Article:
Change points indicate when something is changing in the system
This industrial project made the researcher aware of a new, widespread problem. Discussions with other industry partners and experts showed that the known data analysis and data mining methods often fail to meet their needs – a problem that the Helmholtz Association recognized. Müller mentions the GFZ as a good example. “Scholars have to understand and question causal connections.” In the age of big data, correlations and predictions – such as potential buying behavior in advertising – are no longer enough to provide a deep understanding of the connections. Researchers need to know exactly what is actually in the data, which are divided into cohorts by algorithms and are completed with information on statistical probabilities. Müller wants to strengthen the role of the human in big data science – using methods that more readily detect anomalies in data and enable a more sensitive evaluation. “This is when it started getting exciting for us! We addressed this subject in three doctoral theses and in several research projects, and we continue to research it,” Müller says.
Methods capable of identifying changes – so-called change points – are at the center of Müller’s field of research. They indicate that something in the system is changing – be it data on vegetation recorded by satellite or a hospital patient’s vital signs recorded by measuring devices. The procedures Müller is developing are intended to describe not only what is changing but also to answer why. “There are still too few procedures for this, and that motivates us.” Data science is a rapidly growing field. There are still only a few courses of study that train the experts so sought after by industry and academia. “We will be only able to meet this demand if we train at all levels—our students as well as company employees,” Müller asserts. The number of places at universities, however, is increasing. “We will close the gap in the coming years.”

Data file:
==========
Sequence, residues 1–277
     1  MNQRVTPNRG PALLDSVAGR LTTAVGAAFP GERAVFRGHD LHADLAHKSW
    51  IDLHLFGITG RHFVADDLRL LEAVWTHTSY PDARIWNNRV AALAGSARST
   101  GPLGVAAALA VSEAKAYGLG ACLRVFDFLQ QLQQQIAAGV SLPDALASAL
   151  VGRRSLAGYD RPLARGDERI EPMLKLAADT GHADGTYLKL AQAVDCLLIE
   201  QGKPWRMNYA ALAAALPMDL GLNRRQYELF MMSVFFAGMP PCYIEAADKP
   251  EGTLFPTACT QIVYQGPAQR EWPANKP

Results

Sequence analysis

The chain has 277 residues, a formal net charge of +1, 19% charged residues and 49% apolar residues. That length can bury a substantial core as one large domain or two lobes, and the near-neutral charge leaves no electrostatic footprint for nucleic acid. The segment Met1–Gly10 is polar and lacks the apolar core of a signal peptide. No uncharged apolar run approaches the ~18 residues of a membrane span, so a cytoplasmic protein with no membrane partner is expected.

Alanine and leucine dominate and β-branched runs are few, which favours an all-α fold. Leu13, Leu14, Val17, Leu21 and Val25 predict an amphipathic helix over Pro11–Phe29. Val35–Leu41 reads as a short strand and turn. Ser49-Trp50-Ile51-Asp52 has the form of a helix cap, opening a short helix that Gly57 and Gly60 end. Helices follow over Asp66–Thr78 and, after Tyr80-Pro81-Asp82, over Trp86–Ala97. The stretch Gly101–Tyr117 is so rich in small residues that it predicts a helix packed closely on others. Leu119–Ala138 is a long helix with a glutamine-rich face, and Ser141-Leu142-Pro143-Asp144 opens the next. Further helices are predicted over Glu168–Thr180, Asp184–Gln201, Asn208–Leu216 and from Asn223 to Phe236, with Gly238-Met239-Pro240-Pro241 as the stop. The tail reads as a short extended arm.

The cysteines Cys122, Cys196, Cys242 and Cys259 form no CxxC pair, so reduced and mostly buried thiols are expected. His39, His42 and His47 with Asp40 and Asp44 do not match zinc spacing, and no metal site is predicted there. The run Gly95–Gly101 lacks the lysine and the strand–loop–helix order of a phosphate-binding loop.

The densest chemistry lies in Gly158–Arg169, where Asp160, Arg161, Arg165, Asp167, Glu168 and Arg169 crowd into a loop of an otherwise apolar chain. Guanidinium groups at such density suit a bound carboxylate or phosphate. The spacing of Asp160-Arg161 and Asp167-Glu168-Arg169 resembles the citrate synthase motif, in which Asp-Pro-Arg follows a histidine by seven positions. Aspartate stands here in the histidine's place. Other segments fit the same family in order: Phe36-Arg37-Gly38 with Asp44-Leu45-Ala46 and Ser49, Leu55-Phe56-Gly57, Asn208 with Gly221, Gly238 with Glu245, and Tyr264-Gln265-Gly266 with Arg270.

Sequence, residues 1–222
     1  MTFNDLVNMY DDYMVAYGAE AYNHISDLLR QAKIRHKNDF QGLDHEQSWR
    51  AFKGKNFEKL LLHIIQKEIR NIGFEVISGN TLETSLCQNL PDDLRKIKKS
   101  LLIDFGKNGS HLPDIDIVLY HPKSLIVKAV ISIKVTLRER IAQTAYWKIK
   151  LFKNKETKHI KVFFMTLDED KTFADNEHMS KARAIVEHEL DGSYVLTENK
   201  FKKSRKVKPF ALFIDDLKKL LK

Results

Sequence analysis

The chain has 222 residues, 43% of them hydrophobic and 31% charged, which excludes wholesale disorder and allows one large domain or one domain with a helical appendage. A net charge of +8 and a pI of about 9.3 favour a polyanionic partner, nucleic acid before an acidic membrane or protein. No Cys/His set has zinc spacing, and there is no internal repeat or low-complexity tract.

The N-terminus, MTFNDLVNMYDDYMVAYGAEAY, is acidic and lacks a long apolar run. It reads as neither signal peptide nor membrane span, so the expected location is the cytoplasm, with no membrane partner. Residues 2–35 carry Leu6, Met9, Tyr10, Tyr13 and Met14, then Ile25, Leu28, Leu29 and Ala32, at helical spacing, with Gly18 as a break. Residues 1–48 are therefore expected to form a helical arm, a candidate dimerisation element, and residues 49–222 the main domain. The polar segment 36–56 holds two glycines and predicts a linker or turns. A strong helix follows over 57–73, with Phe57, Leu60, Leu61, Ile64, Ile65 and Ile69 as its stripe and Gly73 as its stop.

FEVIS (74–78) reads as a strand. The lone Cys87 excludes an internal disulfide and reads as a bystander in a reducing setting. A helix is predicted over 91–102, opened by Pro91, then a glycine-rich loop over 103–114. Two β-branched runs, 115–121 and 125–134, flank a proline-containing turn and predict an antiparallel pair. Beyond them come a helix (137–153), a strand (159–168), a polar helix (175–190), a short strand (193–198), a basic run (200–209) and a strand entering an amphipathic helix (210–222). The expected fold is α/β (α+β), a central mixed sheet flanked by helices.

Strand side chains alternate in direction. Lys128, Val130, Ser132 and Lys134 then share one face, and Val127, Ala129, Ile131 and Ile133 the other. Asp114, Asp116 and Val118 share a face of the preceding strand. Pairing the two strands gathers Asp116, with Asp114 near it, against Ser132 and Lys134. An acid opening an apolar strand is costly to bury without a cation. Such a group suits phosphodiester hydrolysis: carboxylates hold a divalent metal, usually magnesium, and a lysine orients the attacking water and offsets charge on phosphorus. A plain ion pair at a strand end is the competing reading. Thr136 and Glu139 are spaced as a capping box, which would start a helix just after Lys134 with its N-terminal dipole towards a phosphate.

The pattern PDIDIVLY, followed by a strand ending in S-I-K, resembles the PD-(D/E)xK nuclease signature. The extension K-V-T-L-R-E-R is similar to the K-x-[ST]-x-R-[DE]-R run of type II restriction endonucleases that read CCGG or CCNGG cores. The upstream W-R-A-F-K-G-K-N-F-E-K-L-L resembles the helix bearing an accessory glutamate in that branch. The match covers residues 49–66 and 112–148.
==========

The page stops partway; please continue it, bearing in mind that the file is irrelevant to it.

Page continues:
Big data, data mining, and deep learning – there is an increasing number of technical terms in the world of data. Few people, however, actually know what they mean. Data will also become increasingly significant in the coming years. Their analysis facilitates many things, generates new knowledge, and reveals previously unknown connections. The researcher emphasizes that there is one thing that they are still unable to do: “Algorithms can support decision-making of, for example, corporate executives, politicians, or scholars, but humans still have to make the decision.”
Prof. Dr. Emmanuel Müller studied computer science at RWTH Aachen University. Since 2015, he has been Professor for Knowledge Discovery and Data Mining at GFZ and HPI, which formed the joint Digital Engineering Faculty with the University of Potsdam in April 2017.
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Text: Heike Kampe
Translation: Susanne Voigt
Published online by: Marieke Bäumer